Two federal laws, the Home Mortgage Disclosure Act (HMDA) and Community Reinvestment Act (CRA), passed in the 1970s after a national grassroots advocacy campaign that uncovered examples of redlining – refusal to loan in a community due to bankers’ misperceptions of risk – gave rise to a community reinvestment movement.
Congress passed HMDA in 1975 in response to concerns that banks were refusing to make mortgage loans to qualified applicants in minority and lower-income central city neighborhoods. HMDA requires lending institutions to report census tract level data on mortgage applications and originations.
The data collected under HMDA may be used to ensure that lenders adequately serve the housing finance needs of all communities, to enforce fair lending laws, and to provide information on gaps in local housing markets and opportunities for investment.
HMDA requires most mortgage lenders to report data annually on the disposition of mortgage loan applications. As of 2017, HMDA regulations required depository institutions – which include banks, savings associations, and credit unions, with more than $44 million in assets and a home or branch office located within a metropolitan area – to report their lending activity if they originated 25 or more loans in each of the preceding two years.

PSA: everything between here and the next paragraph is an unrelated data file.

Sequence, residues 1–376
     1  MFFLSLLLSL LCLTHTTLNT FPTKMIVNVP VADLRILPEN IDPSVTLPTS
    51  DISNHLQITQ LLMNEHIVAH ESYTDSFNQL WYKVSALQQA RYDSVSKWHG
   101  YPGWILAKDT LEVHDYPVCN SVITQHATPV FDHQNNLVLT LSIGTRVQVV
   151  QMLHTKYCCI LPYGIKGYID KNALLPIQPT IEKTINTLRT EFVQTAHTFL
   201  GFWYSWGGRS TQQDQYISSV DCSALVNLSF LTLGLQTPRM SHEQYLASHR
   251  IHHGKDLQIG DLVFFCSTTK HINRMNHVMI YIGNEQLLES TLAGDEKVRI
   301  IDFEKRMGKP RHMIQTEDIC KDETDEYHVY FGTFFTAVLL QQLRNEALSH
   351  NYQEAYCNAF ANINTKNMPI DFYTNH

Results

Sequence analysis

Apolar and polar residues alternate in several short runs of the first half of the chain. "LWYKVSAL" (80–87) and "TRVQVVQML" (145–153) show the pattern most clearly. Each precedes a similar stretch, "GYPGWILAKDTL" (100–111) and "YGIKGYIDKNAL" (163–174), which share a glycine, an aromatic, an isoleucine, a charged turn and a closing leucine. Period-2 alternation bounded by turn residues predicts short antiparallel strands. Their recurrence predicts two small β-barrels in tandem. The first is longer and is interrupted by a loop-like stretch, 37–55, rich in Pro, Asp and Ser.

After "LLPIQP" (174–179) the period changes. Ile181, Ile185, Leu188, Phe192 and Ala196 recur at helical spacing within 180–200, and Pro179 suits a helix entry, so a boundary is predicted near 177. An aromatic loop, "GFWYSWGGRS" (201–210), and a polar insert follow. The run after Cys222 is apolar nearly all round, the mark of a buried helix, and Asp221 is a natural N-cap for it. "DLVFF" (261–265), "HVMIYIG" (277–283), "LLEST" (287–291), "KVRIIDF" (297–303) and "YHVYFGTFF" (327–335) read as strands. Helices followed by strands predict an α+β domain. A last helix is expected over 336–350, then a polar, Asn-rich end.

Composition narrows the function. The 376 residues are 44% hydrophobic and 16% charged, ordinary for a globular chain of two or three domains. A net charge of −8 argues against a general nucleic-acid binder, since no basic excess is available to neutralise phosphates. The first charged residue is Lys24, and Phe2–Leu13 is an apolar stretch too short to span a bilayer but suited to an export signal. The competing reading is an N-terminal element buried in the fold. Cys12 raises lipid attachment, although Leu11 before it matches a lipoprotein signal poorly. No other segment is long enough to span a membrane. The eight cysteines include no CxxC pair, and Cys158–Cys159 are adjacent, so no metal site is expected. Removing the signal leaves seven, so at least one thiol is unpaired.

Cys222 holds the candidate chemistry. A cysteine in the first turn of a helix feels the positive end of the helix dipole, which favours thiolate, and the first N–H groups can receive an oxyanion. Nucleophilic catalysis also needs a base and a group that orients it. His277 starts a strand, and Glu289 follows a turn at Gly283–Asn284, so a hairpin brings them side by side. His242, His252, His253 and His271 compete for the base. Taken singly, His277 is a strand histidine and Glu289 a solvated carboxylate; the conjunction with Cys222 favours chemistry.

Before that, HMDA regulations required all institutions meeting these criteria to report if they originated one or more home purchase or refinancing loans. HMDA regulations also require non-depository lenders, such as mortgage and consumer finance companies, that are active in metropolitan areas and meet certain criteria for mortgage lending activity to report data.
The data reported under HMDA cover the majority of lending activity, particularly in urban areas, but not all of it. In 2017, over 5,800 lenders nationwide reported HMDA data. In the seven-county Chicago area, 831 lenders reported HMDA data.
The data required to be reported under HMDA have changed substantially since Congress first passed the law. Initially, HMDA only to depository institutions and required them to report data on the census tract location of mortgage originations in metropolitan areas. Amendments to the law and changes to the regulation that implements the law have greatly enhanced the data collected under HMDA and expanded the types of lenders covered.
Amendments made in 1989 expanded data collection beyond simply loan originations to include loan applicants and denials by the race, gender, and income of loan applicants. In 1993, many mortgage companies that were previously exempt from HMDA data collection were required to begin reporting. In 2004, the Federal Reserve Board enacted major changes to Regulation C, which implements HMDA.
These changes were a response to the growing importance of risked-based pricing in the overall mortgage lending market and continuing concerns around disparities in mortgage pricing between white and non-white borrowers. Starting in 2004, lenders were required to report additional data on the pricing of higher-cost mortgage loans. For loans originated on single- family properties, lenders now had to report the difference, or spread, between a loan’s annual percentage rate (APR) and the rate of U.S. Treasury securities of comparable maturity if that spread exceeds three percentage points for first liens or five percentage points for junior liens.